Beginning in May 1940, the German occupation of Amsterdam sealed the fate of the Frank family and other Jews residing in the city. The Germans started preparing to send Jews from the Netherlands to extermination camps in the east at the beginning of 1942. At this time, they mandated that the majority of Dutch Jews live in Amsterdam. Additionally, they chose to intern all non-Dutch Jews in the transit camp at Westerbork. German authorities deported Jews from Westerbork to the extermination camps of Auschwitz-Birkenau and Sobibor in German-occupied Poland. On July 15, 1942, the first deportation transport headed for Auschwitz-Birkenau from Westerbork. Many Jews in the Netherlands, including the Franks, were alarmed by these deportations and the intensifying anti-Semitic actions.


Diary Of Anne Frank

Anne received a diary for her thirteenth birthday right before they went into hiding. In addition to writing about the happenings in the Secret Annex, Anne also wrote about her emotions and ideas during her two years of hiding. She also began writing a novel, wrote short stories, and copied sentences from books she had read for her Book of Beautiful Sentences. She found that writing had passed the time. Anne was prompted to combine her separate diaries into a single narrative, Het Achterhuis, after the Dutch government’s minister of education in England requested Radio Orange to preserve war diaries and records.


The History of the Secret Annex

Possibly the most famous building in Amsterdam, the Frank family’s hiding place welcomes over a million visitors annually. The story of Anne Frank is the main introduction given to guests of the Prinsengracht house. But the building’s history actually began 350 years earlier. Amsterdam began to flourish after 1585 as a result of the Netherlands’ significant contribution to colonial and international trade. The population of Amsterdam grew from 50,000 to 200,000 in 60 years. Construction of the building on Prinsengracht began during this Golden Age.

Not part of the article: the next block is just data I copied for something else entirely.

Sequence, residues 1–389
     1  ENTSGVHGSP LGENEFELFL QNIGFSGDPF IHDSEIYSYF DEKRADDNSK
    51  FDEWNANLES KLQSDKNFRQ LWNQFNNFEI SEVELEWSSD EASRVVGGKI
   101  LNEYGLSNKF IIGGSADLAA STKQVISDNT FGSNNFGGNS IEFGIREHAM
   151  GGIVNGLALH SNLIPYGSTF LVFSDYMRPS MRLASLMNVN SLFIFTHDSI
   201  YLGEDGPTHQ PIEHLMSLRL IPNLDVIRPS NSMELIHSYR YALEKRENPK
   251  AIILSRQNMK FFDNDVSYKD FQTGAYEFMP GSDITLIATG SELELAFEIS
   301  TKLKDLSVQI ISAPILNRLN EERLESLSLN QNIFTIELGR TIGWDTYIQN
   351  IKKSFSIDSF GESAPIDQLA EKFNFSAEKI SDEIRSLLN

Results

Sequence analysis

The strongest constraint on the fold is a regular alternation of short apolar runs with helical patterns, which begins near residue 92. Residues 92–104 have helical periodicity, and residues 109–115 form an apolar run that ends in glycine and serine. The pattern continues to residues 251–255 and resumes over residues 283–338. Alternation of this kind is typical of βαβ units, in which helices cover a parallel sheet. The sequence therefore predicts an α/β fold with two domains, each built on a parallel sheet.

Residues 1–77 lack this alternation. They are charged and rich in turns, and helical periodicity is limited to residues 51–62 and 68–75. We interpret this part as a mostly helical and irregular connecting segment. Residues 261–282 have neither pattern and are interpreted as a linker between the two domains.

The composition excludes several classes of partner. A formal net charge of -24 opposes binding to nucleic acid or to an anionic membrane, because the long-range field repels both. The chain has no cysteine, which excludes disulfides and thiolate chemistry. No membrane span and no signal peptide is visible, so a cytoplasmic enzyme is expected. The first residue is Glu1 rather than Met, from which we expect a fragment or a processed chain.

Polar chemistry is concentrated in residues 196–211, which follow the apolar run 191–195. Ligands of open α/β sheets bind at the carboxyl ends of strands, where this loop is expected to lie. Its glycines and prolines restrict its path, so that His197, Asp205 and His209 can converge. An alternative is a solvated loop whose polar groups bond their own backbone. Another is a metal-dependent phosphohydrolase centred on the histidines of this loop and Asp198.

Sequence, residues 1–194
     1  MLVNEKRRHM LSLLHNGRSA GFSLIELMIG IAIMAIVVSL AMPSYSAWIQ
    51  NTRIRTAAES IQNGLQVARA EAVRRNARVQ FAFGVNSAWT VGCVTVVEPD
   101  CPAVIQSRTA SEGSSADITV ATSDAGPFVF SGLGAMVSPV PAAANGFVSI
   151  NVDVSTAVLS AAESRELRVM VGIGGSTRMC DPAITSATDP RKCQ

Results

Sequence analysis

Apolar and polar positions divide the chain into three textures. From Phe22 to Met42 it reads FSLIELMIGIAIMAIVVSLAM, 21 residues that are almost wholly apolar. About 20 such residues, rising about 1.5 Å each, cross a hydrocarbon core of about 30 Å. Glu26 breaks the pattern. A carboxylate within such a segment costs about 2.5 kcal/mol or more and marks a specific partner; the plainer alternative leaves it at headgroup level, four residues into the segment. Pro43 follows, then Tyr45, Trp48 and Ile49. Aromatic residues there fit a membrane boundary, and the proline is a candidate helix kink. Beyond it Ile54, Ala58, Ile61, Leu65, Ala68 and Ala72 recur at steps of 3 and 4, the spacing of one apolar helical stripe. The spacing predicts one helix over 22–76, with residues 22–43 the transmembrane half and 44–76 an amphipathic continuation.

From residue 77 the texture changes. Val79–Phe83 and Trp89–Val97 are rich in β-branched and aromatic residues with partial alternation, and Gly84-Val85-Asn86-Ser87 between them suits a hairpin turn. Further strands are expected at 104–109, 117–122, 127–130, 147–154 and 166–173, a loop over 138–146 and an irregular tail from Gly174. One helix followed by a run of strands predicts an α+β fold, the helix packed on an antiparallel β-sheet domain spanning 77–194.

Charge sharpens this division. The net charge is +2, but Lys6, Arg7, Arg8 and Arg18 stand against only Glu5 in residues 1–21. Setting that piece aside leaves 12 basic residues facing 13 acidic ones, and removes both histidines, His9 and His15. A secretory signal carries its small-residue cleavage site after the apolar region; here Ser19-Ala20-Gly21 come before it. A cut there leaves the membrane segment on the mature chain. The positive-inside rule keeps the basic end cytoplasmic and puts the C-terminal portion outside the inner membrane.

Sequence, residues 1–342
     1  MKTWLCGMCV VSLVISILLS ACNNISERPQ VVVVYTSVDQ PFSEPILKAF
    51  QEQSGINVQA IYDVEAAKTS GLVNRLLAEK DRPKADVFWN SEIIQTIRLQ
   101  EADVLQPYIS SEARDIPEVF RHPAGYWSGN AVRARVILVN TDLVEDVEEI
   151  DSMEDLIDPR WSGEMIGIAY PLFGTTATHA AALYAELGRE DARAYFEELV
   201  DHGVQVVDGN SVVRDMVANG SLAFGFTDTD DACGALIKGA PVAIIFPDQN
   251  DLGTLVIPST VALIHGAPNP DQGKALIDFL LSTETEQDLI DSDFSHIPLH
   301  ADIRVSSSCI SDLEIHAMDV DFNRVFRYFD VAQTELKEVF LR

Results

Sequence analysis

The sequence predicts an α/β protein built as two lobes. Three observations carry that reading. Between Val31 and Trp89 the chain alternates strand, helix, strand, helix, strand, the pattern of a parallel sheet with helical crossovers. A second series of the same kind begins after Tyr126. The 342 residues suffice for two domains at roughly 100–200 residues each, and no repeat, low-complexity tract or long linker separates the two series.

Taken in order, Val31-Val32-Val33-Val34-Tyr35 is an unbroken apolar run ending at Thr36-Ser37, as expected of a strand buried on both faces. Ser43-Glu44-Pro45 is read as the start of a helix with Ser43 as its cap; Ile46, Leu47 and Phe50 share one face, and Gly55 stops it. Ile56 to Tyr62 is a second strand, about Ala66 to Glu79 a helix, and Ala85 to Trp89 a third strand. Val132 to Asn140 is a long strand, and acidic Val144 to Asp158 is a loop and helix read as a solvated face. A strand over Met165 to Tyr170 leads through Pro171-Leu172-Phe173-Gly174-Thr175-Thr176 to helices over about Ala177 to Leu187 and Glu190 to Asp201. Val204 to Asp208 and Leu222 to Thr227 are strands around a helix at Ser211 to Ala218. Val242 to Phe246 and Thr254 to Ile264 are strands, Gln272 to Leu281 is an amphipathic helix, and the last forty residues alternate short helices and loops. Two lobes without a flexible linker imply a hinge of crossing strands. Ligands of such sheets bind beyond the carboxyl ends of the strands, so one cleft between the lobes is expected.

Houses and storage facilities beside the canal network of freight-transporting canals were constructed around the small town center. The warehouses along the waterfront served as storage for merchants. Living space became more and more necessary at the same time. This led to the construction of Prinsengracht 263, a private residence next to two warehouses, in 1635. Many of the properties were long and narrow because the land along the Amsterdam canals was in high demand. The backyards of existing homes were converted into so-called “annexes,” which provided additional space for living, working, and storing. Often, a courtyard would divide the main house from the annexes and connect them via a corridor to let natural light into both buildings.


The Secret Annex of Anne Frank

The 1739 annex is where Anne and her family fled into hiding. That year, over a century after Prinsengracht 263 was built, the old annex was destroyed, and a new, bigger annex was built in its place. A second renovation happened later. A room on the street level took the place of the basement. The home was now appropriate for businesses that needed a warehouse or spacious work area in addition to office space thanks to this intervention. That was precisely what Otto Frank desired for his business, Pectacon, nearly two centuries later.


Death Of Anne Frank

Anne passes away in Bergen-Belsen from exhaustion. Early in November 1944, Anne was once more placed on transport. Along with Margot, she was deported to the concentration camp at Bergen-Belsen. In Auschwitz, their parents remained behind. The circumstances in Bergen-Belsen were also appalling. Food was scarce, the weather was chilly and damp, and infectious diseases were prevalent. Margot and Anne both had typhus. 

Due to its effects, they both passed away in February 1945—Margot first and Anne shortly after. Otto, Anne’s father, was the lone survivor of the Secret Annex residents during the conflict. After the Russians freed him from Auschwitz, he discovered his wife Edith had passed away on the arduous journey home to the Netherlands. He learned that Anne and Margot were also deceased while he was in the Netherlands.



The story of Anne Frank is a powerful reminder of human resilience and World War II horrors. Anne’s diary offers a personal glimpse into a life of dreams, hope, and fear in the face of unimaginable suffering. Her time in the Hidden Annex and tragic death are historical details that remind us to learn from the past. Anne Frank’s life and journal are crucial to understanding Earth’s history due to her inspiration and education.